Because of the efforts of people like Steve Souders, John Resig, Sergey Chernyshev, Paul Irish, … a lot has changed when it comes to optimizing web site performance. Browser and Application Performance Vendors built tools to make Web Performance Optimization easier than ever before. Web Frameworks are optimized to generate better web pages.
However, looking at the following chart reminds us that it best practices, conferences and tools to alone didn’t succeed and building optimized web sites is getting even harder. As can be seen, the main problem with modern web sites is the growing number of resources, the size of the content, and the declining user experience that results from the first two items:
In case your testing efforts are not focusing on these metrics then read this graph as: “Let’s test and optimize our page size!”
Example #1: Too many resources
Have you ever analyzed the pages of your application using tools such as dynaTrace AJAX Edition, YSlow, Google Page Speed or SpeedOfTheWeb? The following example is taken from a blog I did last year analyzing page performance of retail web sites. It shows how many resources are loaded for a single page and how loading that many resources from a large number of different domains which comes with the additional cost of Connect and DNS time per domain.
When we compare this to another online retail store, it becomes clear that there is a lot that can be achieved by optimizing resources loaded on the initial page visit.
Good news is that testing and verifying these KPIs can be automated and integrated in your continuous performance test process. This avoids manually looking over results of every single tested page of your application. Here is what it takes to implement it:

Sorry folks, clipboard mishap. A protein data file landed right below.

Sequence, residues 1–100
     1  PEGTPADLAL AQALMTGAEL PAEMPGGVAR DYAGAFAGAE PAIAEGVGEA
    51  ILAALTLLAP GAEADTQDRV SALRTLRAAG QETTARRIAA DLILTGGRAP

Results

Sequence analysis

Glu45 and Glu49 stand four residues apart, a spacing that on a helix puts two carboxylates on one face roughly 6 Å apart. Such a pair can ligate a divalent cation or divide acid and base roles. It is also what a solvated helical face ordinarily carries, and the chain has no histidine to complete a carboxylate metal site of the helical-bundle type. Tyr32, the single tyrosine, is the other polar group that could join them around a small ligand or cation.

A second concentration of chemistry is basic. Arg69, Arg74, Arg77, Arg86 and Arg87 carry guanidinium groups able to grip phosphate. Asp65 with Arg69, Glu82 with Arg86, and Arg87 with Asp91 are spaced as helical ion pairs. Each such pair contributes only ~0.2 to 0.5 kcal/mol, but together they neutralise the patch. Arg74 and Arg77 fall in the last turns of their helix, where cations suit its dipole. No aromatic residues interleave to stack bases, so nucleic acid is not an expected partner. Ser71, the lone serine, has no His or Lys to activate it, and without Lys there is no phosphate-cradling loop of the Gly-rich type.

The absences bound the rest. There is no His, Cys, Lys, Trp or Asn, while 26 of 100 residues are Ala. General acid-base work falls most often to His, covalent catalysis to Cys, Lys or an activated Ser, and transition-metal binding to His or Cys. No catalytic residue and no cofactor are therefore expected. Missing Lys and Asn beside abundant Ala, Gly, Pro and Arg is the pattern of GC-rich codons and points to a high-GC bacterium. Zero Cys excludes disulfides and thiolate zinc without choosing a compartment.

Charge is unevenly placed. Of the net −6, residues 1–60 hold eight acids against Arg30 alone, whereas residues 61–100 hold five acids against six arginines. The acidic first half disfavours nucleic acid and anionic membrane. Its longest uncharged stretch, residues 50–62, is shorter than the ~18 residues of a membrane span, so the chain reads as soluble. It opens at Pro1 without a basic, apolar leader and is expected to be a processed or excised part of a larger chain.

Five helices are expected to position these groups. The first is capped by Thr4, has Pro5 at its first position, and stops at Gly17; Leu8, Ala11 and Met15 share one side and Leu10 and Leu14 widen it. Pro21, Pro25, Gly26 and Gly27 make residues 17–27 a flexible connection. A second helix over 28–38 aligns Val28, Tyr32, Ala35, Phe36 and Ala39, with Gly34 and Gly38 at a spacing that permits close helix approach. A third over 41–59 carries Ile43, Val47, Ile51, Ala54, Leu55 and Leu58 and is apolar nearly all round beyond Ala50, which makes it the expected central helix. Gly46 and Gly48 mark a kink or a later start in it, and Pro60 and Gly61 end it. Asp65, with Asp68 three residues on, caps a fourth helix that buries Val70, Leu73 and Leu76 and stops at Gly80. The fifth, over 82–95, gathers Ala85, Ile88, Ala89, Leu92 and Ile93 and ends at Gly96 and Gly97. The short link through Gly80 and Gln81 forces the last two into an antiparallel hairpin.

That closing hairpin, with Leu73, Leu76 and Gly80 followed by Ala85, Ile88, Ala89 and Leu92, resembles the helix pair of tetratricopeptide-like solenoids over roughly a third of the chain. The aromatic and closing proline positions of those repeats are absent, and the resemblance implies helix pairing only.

- Browser Diagnostic tools that analyze tested pages based on these performance metrics
- A Smart Performance Repository that automatically alerts on performance regressions
The following screenshot shows what continuous testing on these KPIs looks like and how to identify regressions immediately by monitoring these metrics for every page and for every test:
Example #2: Heavy Third Party Content
As already highlighted in the first example it is not only your own content that can blow up your pages. You probably rely on 3rd party content such as Ads, Social Platform Widges or Map Services. If that is the case you want to make sure that
- Your pages only load the 3rd party content that is really needed, e.g: global includes in web projects may load 3rd party content on pages where not necessary
- You include this 3rd party content in an optimized way, e.g.: why provide an interactive world map when all you want to do is to show a static image of your address?
Klaus Enzenhofer wrote a great blog about Third Party Content Management applied – where he highlights the impact of 3rd party content and also how to test it. The key message is that you need to understand what type of 3rd party content you really need, how much impact it has on your page load times, and how to optimize it. Klaus did some testing with Standard Google Maps vs. Static Maps and how this one change can optimize your page load time while still relying on 3rd party content. The following table shows the difference when using these two ways of including the Maps Services on your page:
|KPI||Standard Google Maps||Static Google Maps||Difference in %|
|First Impression Time||493 ms||324 ms||-34%|
|Onload Time||473 ms||368ms||-22%|
|Total Load Time||1801 ms||700 ms||-61%|
|Number of Domains||6||1||-83%|
|Number of Resources||43||2||-95%|
|Total Pagesize||636 Kb||77 Kb||-88%|
For measuring the overhead of 3rd party content simply take the same tools as explained in the previous example. The following shows the timeline view of dynaTrace where the overhead of Facebook and Google+ are easy to spot:
- Make sure that these Best Practices are enforced early in the development cycle as well as throughout your performance testing
- Monitor the critical Key Performance Indicators to ensure that your web sites don’t end up super-sized
- Test using real browsers and don’t exclusively rely on protocol-based performance testing